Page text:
Landing on the Moon

3 minute read.

The words you are read­ing have been typed at half my usu­al speed from a new key­board, de­liv­ered around twelve hours ago.

I start­ed mak­ing some changes to the de­fault con­fig­u­ra­tion pret­ty much im­me­di­ate­ly and I want to de­scribe the rea­son­ing be­hind these changes:

As a Ger­man, the first thing you will want to do is switch to a con­fig­u­ra­tion that sup­ports Ger­man keys. Es­pe­cial­ly the sym­bol keys need swap­ping out. While you could in­stead just change lay­outs on your sys­tem, I do pre­fer just sim­ply hav­ing ev­ery­thing work as ex­pect­ed plug-and-play af­ter maybe a more cum­ber­some ini­tal con­fig­u­ra­tion.

Fur­ther­more, num­ber keys do not count as numpad keys. Es­pe­cial­ly, if you use Blender, you will want to cor­rect these on the de­fault con­fig­u­ra­tion.

A week later

Now typ­ing at rought­ly 90% of my usu­al typ­ing speed (50-60 WPM in­stead of ~70 WPM).

Cod­ing is still some­what frus­trat­ing, but var­i­ous typ­ing web­sites helped me get my speed back up to some­thing bare­able for com­mu­ni­ca­tion, email, blog­ging, …

I think one of the things po­ten­tial­ly lead­ing to var­i­ous carpal tun­nel is­sues I have had in the past was that I wasn’t us­ing 5 fin­gers for typ­ing! While I learned the usu­al 10-fin­ger typ­ing tech­nique as a kid, I found it too cum­ber­some and de­vel­oped my own tech­nique which is most­ly based on the in­dex and mid­dle fin­gers.

This tech­nique had the ad­van­tage of be­ing con­text-aware. Hence de­pend­ing on which key I pressed pre­vi­ous­ly, a dif­fer­ent fin­ger or even hand might be press­ing the next key, if it were more con­ve­nient­ly reached by it.

Dis­ad­van­tage was a _very_ fre­quent ro­ta­tion of the an­kle to reach e.g. Q, Y/Z etc with mid­dle or in­dex fin­gers. That to­geth­er with the counter ro­ta­tion for Ger­man sym­bol keys (most­lyy Shift with a num­ber) rep­re­sent­ed heavy strain on the wrist ten­dons.

Through try­ing to find ex­cer­cis­es to speed up my typ­ing I found that peo­ple typ­ing at 170+ WPM all use all fin­gers. Hence I start­ed forc­ing my­self to do the same. Kind of felt like re­learn­ing typ­ing all over, but I’m con­fi­dent that I will even­tu­al­ly out-type my old self.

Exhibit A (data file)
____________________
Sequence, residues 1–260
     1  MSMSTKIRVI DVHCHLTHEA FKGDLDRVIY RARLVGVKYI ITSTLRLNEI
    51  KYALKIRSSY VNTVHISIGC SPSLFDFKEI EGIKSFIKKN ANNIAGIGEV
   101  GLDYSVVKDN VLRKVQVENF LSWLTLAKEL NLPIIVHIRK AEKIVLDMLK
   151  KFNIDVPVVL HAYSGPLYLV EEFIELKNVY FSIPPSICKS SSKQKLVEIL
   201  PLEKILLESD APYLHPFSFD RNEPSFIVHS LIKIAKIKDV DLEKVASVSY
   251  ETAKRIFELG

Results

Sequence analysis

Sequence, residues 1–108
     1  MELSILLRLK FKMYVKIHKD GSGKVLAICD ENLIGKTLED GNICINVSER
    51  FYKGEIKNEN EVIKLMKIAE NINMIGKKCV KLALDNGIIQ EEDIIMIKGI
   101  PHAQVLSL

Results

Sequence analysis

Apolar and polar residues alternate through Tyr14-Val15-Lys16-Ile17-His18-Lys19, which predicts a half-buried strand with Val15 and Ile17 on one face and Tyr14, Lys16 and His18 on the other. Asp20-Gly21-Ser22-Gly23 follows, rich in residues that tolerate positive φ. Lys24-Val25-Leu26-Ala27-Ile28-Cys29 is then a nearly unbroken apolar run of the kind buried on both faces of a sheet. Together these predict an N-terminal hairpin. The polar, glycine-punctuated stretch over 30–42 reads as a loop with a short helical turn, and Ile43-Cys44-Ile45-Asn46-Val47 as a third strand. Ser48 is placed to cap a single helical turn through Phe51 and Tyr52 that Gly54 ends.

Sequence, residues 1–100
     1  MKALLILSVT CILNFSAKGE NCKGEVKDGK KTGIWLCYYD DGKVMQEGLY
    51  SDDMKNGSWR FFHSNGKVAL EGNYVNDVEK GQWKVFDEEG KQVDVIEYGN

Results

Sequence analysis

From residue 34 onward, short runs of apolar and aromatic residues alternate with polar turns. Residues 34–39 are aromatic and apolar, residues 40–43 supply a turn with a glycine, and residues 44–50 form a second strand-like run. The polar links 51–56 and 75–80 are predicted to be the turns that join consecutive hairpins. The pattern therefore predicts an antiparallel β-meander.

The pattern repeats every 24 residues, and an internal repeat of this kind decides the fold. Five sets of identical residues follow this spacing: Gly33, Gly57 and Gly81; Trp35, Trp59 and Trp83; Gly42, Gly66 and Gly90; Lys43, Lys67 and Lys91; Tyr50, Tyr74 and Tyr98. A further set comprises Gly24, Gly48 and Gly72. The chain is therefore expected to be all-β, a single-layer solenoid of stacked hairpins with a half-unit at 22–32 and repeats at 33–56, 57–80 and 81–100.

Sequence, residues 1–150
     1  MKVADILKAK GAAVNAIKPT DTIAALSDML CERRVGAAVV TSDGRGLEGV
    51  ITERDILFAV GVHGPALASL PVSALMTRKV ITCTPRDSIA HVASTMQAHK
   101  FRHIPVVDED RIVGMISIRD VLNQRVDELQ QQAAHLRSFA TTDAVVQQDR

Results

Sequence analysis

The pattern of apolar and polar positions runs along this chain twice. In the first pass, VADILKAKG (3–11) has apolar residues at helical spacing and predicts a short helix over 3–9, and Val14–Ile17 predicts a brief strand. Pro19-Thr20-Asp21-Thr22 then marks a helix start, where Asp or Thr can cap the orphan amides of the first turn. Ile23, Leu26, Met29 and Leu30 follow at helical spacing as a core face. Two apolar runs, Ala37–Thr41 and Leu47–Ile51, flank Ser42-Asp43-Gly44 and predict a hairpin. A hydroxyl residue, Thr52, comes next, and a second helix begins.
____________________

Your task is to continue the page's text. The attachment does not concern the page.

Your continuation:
I still strug­gle with var­i­ous sys­tem short­cuts, though, the mus­cle mem­o­ry there is hard­er to re­di­rect.

Overall impression

The Moon­lan­der feels very high qual­i­ty. Go­ing back to my old key­board feels _very_ strange. This is prob­a­bly alone through now be­ing ful­ly me­chan­i­cal while the pre­vi­ous was a mecha-mem­brane hy­brid.

The re­con­fig­u­ra­tion is pret­ty fun and while there’s still a lot of po­ten­tial, the idea of ef­fort­less­ly be­ing able to type all sym­bols need­ed for pro­gram­ming amazes me.

Thumb Pads

One of the is­sues I found was that you have de­ci­sion to make be­tween reach­ing the thumb keys con­ve­nient­ly and tent­ing the key­board:

If you have small­er hands, it is rec­om­mend­ed to tent the thumb-pad up­wards, but that makes the key­board very un­sta­ble if you tent it in any way. The high­er you tent the far­ther away the thumb keys are.

Ini­tial­ly I had want­ed to tent it all the way for best blood flow throught the wrist (sim­i­lar to why you’d want to have a ver­ti­cal mouse), but that meant that one of the four keys for each thumb was not with­in reach and one was on­ly reach­able with quite some ef­fort. Now I set­tled for a com­pro­mise: Slight tent­ing that al­lows me to reach all of the keys, but one of them on­ly with great ef­fort.